Kernels of Truth
From the essay “Aroostook Yesterdays,” by Anne Hannan, in our November 1956 issue.
People, in time, take their character from their land, and the people of Maine are like the hard, rocky, and beautiful land they till: cold, perhaps, to a stranger, but warm and generous to those who know and love them. This is a tribute to some Maine people I have known, and in their faces and in their character you can see the land they live on, the farmhouses they call home, the life and the work they were born to, accepted, and lived.
Different countries gave them their names. A hint of Cork was in my grandfather’s speech, and Calvin’s stern doctrine was in the set of grandmother Sarah’s shoulders. Yet, somehow, they were each marked out and drawn together by that northern section of our country, where life is hard but rewarding.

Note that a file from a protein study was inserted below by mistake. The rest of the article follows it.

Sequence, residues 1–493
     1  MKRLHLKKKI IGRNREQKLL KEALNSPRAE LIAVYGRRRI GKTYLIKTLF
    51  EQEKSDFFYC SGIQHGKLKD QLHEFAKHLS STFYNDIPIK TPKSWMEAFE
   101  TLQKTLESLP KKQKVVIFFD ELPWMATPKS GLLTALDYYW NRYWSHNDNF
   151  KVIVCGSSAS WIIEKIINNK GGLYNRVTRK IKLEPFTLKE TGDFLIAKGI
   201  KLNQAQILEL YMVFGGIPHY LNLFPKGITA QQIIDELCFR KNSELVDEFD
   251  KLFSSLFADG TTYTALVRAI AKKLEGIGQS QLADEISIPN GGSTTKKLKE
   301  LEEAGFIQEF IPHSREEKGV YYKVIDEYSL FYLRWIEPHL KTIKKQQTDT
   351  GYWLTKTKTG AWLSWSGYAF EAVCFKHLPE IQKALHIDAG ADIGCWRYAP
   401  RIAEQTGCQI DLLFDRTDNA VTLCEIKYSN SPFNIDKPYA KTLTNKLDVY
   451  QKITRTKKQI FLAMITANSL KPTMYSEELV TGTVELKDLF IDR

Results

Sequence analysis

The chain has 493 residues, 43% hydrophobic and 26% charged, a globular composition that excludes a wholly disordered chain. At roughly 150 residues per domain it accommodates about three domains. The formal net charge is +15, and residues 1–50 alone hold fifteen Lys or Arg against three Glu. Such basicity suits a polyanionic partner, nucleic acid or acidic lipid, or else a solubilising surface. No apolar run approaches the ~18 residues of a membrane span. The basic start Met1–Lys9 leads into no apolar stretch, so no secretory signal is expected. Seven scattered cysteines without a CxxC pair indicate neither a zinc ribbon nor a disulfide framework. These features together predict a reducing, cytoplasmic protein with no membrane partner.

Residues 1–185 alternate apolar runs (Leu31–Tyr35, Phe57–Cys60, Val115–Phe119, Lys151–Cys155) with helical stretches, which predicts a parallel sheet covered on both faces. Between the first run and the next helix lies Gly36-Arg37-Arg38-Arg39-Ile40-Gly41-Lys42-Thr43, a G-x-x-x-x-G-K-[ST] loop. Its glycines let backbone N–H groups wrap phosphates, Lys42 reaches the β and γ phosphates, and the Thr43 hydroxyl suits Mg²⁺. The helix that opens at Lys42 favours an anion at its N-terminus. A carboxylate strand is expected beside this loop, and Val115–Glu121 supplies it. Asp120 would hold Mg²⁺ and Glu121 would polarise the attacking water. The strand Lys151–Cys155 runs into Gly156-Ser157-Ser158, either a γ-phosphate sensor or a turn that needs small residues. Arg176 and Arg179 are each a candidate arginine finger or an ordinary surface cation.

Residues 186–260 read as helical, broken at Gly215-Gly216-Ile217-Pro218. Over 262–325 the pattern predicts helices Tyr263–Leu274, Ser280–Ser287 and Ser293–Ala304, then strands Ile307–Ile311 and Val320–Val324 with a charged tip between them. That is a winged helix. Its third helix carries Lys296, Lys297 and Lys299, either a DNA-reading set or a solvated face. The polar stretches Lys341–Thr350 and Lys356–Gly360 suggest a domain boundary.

Aroostook folk are farmers, for the most part, and so they live by the seasons and grow old by the soil. For those trained to read it, the history of any field is easily told by the rock piles which dot it. If the rocks are few and small, then the soil is rich and affords a crop with a minimum of effort, but if the rocks are large and plentiful, then the soil is poor, the crop thin and eked out of a grudging earth by sweat and pain and fatigue.
Aroostook County is still an agricultural bastion, though the landscape and culture have evolved in the 60 years since Down East first ran this reflection. In 1950, The County hosted some 4,000 farms, according to the Associated Press. Today, the USDA’s Census of Agriculture counts fewer than 1,000. Yet the region’s agricultural heritage continues to shape life in Aroostook — where life is still sometimes hard, but rewarding.